DP194 Juvenile Unemployment in Interwar Britain: The Emergence of a Problem
|Publication Date:||September 1987|
|Keyword(s):||Cyclical Sensitivity, Hiring, Redundancy Practices, Unemployment, United Kingdom, Youth|
|JEL(s):||044, 810, 824, 841|
|Programme Areas:||Human Resources|
|Link to this Page:||cepr.org/active/publications/discussion_papers/dp.php?dpno=194|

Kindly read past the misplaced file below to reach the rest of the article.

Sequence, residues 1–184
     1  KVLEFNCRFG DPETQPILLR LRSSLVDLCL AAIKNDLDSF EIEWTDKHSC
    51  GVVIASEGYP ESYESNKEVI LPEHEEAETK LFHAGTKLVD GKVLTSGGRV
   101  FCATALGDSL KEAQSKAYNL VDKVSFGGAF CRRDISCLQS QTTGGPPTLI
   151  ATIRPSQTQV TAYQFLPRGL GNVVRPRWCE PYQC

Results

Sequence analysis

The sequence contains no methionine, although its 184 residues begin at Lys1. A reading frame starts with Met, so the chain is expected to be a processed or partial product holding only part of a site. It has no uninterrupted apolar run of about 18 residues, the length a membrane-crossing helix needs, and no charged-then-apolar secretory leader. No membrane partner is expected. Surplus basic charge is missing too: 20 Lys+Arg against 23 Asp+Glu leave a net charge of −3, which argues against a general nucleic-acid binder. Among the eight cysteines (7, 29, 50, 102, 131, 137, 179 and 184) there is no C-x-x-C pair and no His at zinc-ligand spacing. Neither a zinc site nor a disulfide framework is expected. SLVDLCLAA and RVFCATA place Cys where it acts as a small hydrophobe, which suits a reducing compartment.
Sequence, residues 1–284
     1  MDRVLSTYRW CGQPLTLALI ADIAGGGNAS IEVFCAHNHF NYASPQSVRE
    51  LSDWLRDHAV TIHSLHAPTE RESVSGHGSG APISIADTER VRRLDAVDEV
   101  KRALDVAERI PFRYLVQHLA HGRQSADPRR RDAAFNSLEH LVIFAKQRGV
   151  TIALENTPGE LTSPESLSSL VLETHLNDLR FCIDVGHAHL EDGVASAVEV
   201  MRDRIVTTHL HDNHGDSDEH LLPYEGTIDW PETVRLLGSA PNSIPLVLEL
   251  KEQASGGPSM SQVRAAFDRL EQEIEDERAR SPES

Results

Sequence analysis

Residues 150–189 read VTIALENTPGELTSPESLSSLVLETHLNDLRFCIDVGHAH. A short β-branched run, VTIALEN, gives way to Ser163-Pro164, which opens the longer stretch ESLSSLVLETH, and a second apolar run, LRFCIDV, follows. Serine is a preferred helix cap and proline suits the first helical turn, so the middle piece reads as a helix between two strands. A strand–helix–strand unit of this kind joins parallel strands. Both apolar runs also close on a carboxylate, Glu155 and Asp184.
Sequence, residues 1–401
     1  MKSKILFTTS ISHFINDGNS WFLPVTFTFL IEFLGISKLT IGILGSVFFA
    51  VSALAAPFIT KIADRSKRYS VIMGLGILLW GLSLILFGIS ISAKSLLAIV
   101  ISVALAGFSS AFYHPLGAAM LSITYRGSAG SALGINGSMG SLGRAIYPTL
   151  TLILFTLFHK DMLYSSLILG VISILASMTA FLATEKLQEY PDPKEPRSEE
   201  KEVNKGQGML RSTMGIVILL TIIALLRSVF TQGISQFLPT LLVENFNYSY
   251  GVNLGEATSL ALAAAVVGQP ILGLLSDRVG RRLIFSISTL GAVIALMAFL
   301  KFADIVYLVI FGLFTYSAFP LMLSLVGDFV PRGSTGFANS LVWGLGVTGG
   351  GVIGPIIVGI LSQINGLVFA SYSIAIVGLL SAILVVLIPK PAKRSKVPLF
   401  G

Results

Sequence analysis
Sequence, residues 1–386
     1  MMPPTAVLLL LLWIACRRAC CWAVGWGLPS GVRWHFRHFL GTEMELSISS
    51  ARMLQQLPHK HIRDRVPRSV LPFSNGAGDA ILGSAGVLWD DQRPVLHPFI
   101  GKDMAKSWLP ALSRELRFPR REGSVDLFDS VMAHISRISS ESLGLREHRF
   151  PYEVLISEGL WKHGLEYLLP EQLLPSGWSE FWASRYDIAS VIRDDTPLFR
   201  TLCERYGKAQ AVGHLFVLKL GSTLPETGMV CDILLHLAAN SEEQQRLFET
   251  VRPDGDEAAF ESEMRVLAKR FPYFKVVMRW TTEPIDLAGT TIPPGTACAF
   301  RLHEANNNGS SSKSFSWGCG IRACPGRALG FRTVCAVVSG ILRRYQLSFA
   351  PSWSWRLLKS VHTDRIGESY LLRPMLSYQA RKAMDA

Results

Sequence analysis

During the 1980s youth unemployment rates have persistently exceeded unemployment rates for adults, in Britain as in other OECD countries. In the interwar period, youth unemployment rates in Britain were dramatically lower than those for adults. This paper explores possible reasons for the contrast, including demographic trends, changes in school attendance, changes in labor force participation, changes in the intensity of job search, macroeconomic conditions, shifts in the industrial composition of employment, and economy-wide changes in the share of juveniles employed (due to changes in youth/adult wage differentials, technologies or labor practices). Much of the explanation for the contrast turns out to lie in a rise in the cyclical sensitivity of youth unemployment between the interwar and postwar periods, apparently attributable to changes in hiring and redundancy practice.